- Angola is set to become the second sub-Saharan country to join the Organisation of the Petroleum Exporting Countries (OPEC) as a full member, thus participating in the club of world economy's major decision-makers. The Luanda government has announced that Angola is to make a formal application to join OPEC already next year.
Angola is sub-Saharan Africa's second biggest oil producer, second only to Nigeria, which is already an OPEC member. Contrasting Nigeria, however, Angola is in the middle of its oil boom, with oil revenues doubling in 2005 and production believed to double by 2009. If trends continue, Angola should become sub-Saharan Africa's biggest oil producer during the next decade.
By joining OPEC, Angola will therefore contribute strongly to the oil cartel's importance and possibilities to regulate oil world prices. With Africa's two leading oil exporters within OPEC's ranks, yet another region is dominated by the exclusive club.
Angolan politicians have plaid with the idea of joining OPEC for a long time, but strategic assessments had hindered an application until now. Yesterday, however, a cabinet meeting headed by President José Eduardo dos Santos took the formal decision to seek membership, according to a government press release.
The release says that Angola is now to apply full OPEC membership and that the government hopes to join the oil cartel already in 2007. There remain negotiations with the body to agree on the terms for Angola's membership, which include the current and future production quota allotted to the country as percentage of OPEC countries' total oil production.
Many reasons had spoken against Angola joining OPEC, in particular its very close and warm ties to Washington - contrasting its ruling MPLA party's hostile relations with the US during the civil war. Washington historically has seen OPEC as a threat to its supply of cheap energy as the cartel is able to set high world market oil prices at its pleasure. The US government therefore always has urged Angola to stay outside OPEC.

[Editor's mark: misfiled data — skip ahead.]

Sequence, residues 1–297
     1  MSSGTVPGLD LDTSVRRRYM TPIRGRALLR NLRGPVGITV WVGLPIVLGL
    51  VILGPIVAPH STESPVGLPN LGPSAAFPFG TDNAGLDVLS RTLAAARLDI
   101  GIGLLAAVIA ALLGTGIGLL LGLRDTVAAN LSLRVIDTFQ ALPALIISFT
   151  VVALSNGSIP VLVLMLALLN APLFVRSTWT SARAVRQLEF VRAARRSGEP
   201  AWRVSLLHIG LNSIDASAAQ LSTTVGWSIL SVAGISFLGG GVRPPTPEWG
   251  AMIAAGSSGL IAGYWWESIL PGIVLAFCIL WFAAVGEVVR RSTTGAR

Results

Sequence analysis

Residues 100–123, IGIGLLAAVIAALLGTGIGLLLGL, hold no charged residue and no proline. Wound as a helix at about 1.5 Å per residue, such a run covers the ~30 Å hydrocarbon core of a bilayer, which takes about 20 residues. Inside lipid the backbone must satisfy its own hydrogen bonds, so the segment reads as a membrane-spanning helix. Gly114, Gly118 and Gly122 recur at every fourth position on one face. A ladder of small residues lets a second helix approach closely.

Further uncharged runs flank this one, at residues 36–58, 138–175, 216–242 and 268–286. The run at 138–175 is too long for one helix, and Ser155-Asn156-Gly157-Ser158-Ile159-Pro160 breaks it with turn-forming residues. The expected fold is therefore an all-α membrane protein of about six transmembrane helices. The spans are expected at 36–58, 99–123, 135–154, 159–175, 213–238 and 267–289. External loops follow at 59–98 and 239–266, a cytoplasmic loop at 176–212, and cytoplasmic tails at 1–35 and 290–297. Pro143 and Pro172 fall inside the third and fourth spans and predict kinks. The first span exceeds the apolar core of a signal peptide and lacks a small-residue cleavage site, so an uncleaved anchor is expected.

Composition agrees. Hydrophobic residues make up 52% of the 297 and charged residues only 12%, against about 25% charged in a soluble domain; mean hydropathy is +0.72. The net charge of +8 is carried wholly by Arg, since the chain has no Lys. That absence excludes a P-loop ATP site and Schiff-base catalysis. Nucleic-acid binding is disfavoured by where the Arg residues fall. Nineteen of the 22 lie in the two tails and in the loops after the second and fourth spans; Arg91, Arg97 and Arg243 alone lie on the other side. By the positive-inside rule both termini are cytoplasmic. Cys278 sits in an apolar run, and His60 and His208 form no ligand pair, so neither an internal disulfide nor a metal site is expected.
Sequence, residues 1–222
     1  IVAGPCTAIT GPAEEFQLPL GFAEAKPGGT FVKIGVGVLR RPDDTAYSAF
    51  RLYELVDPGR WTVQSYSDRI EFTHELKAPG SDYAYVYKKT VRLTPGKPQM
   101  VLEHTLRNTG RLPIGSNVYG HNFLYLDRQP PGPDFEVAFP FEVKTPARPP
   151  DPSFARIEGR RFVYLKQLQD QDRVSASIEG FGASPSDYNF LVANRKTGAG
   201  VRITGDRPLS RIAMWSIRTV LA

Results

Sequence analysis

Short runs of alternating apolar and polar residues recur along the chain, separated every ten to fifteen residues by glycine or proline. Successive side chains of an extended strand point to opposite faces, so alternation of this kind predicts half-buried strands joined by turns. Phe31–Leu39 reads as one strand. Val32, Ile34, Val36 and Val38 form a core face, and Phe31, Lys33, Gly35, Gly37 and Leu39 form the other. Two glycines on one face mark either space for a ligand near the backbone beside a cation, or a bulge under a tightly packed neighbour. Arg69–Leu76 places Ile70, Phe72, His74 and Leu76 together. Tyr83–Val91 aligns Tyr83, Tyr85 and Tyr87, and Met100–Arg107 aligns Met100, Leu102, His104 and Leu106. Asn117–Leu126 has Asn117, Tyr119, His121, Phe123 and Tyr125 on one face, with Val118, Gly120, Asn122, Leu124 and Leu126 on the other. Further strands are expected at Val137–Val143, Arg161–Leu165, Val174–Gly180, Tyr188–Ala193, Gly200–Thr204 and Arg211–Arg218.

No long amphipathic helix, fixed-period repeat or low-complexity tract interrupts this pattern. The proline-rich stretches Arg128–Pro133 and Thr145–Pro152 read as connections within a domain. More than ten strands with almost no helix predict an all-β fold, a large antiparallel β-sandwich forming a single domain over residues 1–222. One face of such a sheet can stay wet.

Until now, Luanda has been dependent on the US to realise its current oil-based economic boom. Most companies operating in Angola are US-based and more than 40 percent of Angola's oil exports go to the US. In addition, Washington has an outspoken policy of getting less dependent on the OPEC-dominated Middle East for oil imports, focusing on Atlantic Africa. This government focus has made private investments from US oil companies in Angola easier.
By now, however, Angola is freer to follow its own interests as the national oil boom is secured for many years ahead by extensive explorations and production investments by companies from all over the world, including China. Production is also set at such a high scale that Angola can start negotiations with OPEC without fearing too much limitation on its future quotas.
For OPEC, the probable Angola membership is seen as a revival of an organisation that had started losing importance. With Iraq being suspended - and earlier announcing plans to withdraw as the country was under US administration - one major player is currently out of the cartel. The world's major oil producers - Saudi Arabia, the United Arab Emirates, Kuwait and Qatar - have stopped expanding their oil reserves and are thus slowly losing importance. Other giants such as Russia, Norway, Mexico and Azerbaijan have increased the world's non-OPEC oil production over the last years.
Angola's membership would therefore mean that OPEC's part of the world's oil production increased for the first time in over a decade. Angola's bid therefore immediately was joined by two other emerging oil exporters, which now clearer indicate their OPEC aspirations. In South America, Ecuador's new leftist leader has indicated he wants to follow Venezuela into OPEC and in Africa, Sudan's President Omar al-Bashir is now considering to approve a cabinet decision to join OPEC. Sudan is by now sub-Saharan Africa's third biggest oil producer.
Oil companies and the market reacted negatively to Angola's OPEC application. Oil prices immediately climbed to a two-month high near US$ 63 - up 37 cents - as the news was spread today. A strengthened OPEC is seen as a threat by the market, which fears that long-term prices now may be fixed at a higher level. US oil companies expressed fear Angola may now be bound by OPEC quotas to cut its production from time to time.
The International Energy Agency (IEA), which acts as energy policy advisor to 26 rich oil importing countries, today was the most vocal critic of Angola's OPEC plans. An IEA advisor warned that investors may now shy away from Angola's booming oil sector - a view not shared by most analysts.
Not surprisingly, an OPEC spokesman today called Angola's decision to join the club a "welcome development." While no note had been received from the Angolan government so far, he expected membership negotiations to start early 2007, maybe to be finalised during the year. On setting quotas for Angola, the OPEC representatives saw no problems in reaching an agreement.
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